Did Aaron Bean kill the Jacksonville HRO?
Sen. Aaron Bean

bean, aaron

A Jacksonville LGBT activist claims there was a backroom deal to spike the Human Rights Ordinance (HRO) in exchange for Sen. Aaron Bean supporting the pension tax referendum in Tallahassee. Meanwhile, local leaders, including Mayor Lenny Curry and Councilman Tommy Hazouri (sponsor of the HRO bill that was pulled), refute the claim. Hazouri said that his decision to withdraw was a matter of counting votes and not seeing the support there, which is consistent with what his office told me leading up to the decision.


Carrington Mead, a Jacksonville lawyer, has been at the forefront of the local struggle for LGBT rights. Upon the legalization of same-sex marriage, Mead famously presided over same-sex weddings in Hemming Park, to protest the Duval Clerk of Court’s ending the tradition of courthouse weddings in an attempt to skirt the new federal law at the beginning of 2015.

Mead also was instrumental, early on, in the LGBT Leadership PAC, but that was short lived after a falling out with other members over tactics, which included a confrontation with the former mayor in Hemming Park (the “Bye Felicia” moment).

Interestingly enough, when Mead resigned from the PAC, he said that one issue being discussed was an extension of employment protection via executive order to LGBT people. This came to pass during the Lenny Curry administration, when the 2016 version of the HRO was spiked.

Mead saw that as a half-measure in 2015, and sees it as such now – an example of how stakeholders, including politicians ranging from Curry to HRO bill sponsor Tommy Hazouri, and groups like the Jacksonville Coalition for Equality (JCE), are playing political football with the civil rights of Jacksonville’s LGBT community.


The story, as Mead tells it, is a simple one.

Bean, Senate Sponsor of the Pastor Protection Act, allegedly said that he wouldn’t back Jacksonville’s lead legislative priority, the Discretionary Sales Surtax bill sponsored in the Senate by Rob Bradley, if Jacksonville didn’t put the brakes on the “inclusive HRO.”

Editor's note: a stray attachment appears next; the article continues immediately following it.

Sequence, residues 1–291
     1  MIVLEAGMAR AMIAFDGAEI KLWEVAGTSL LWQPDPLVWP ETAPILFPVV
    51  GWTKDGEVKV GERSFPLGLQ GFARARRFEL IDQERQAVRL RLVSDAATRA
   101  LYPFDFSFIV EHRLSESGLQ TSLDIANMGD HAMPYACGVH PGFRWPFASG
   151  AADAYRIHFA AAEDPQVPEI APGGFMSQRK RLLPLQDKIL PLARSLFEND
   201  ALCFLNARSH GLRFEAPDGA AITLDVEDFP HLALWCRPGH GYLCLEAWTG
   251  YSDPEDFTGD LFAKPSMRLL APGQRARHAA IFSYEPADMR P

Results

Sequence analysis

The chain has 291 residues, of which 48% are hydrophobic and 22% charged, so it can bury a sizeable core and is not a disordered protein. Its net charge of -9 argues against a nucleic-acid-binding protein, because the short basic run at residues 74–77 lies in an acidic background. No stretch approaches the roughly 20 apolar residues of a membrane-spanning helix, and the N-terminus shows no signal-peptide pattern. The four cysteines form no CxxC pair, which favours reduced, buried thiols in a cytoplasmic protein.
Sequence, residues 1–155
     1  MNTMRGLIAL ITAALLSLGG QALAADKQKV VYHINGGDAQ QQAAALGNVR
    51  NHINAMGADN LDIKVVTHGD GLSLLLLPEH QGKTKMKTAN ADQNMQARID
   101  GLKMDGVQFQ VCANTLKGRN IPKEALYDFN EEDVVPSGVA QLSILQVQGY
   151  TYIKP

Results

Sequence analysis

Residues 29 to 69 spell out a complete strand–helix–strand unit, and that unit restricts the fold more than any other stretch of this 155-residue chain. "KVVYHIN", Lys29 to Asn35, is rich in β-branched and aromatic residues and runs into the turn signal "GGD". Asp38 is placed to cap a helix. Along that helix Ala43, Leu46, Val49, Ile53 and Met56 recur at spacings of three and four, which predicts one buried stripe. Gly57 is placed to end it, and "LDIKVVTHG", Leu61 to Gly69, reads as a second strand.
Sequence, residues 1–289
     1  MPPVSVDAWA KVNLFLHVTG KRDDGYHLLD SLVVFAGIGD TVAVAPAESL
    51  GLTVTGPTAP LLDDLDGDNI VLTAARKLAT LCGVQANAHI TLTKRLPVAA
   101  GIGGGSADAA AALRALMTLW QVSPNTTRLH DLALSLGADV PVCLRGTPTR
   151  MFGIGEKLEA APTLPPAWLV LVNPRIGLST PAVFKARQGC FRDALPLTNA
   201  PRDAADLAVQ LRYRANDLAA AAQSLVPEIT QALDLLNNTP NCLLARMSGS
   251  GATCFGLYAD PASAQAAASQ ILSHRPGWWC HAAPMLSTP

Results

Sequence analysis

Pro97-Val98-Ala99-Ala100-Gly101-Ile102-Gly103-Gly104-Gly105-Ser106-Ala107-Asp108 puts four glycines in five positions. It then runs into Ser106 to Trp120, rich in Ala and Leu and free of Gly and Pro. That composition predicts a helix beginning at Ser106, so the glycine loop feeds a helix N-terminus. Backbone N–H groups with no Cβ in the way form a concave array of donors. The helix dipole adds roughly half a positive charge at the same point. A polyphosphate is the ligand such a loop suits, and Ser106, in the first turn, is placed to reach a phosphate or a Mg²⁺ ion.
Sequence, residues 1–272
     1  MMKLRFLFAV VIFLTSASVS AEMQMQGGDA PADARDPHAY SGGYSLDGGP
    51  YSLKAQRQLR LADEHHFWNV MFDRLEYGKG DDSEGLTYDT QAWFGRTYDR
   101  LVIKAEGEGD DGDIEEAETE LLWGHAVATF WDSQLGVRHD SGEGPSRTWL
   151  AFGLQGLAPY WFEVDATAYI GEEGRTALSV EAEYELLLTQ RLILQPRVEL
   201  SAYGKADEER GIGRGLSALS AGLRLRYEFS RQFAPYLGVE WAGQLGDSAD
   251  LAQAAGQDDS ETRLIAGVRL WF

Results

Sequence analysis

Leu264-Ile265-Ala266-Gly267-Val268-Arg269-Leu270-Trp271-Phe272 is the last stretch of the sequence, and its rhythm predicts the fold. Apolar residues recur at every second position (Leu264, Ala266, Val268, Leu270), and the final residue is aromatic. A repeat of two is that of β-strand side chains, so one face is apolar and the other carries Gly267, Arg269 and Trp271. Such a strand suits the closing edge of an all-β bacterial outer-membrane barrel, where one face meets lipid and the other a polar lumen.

Within days, Mead says, word went from the office of Mayor Curry to Councilman Hazouri to drop the bill … which Hazouri did on a Saturday afternoon, typically the break in the news cycle for local political journalists.

Hazouri, said Mead, “got touched.”

Because of this, Mead said, “we’re not going to see an HRO in May” as the city would prefer making “police and fire chiefs millionaires” over offering “basic civil liberties” to the LGBT population.

When asked if Mead supported Hazouri bringing back the HRO bill, Mead emphatically said “Hell no… he’s obviously playing politics with everybody’s lives.”

Hazouri’s office, when asked about Mead’s allegation, said that was the “first time [we] ever heard of it.”

Curry was, in a text message, more blunt. “It’s false. Nonsense. Fabricated,” Curry said. “I have never spoken with Senator Bean about the HRO.”


Mead, who fell out with Jacksonville Coalition for Equality head Jimmy Midyette last year, said Midyette was “gullible” as it relates to repeated promises from mayors Alvin Brown and Curry to move forward on legislation protecting the local LGBT community.

Saying there “will be another excuse later on” regarding why a bill wasn’t passed, Mead notes that Midyette wants to be the “personal hero of the HRO.”


Mead speculates that the eventual compromise, which could emerge after the pension tax referendum or after the November elections, could be a HRO variant that excludes the transgender population. That would, Mead says, be fine with the JCE, which is “bit transphobic.”

Mead wants Mayor Curry to recognize that LGBT lives are important, at least as important as the pension tax.

“Nobody in the LGBT community wants to think they’re a sacrificial lamb for political gain.”

A.G. Gancarski

A.G. Gancarski has written for FloridaPolitics.com since 2014. He is based in Northeast Florida. He can be reached at [email protected] or on Twitter: @AGGancarski


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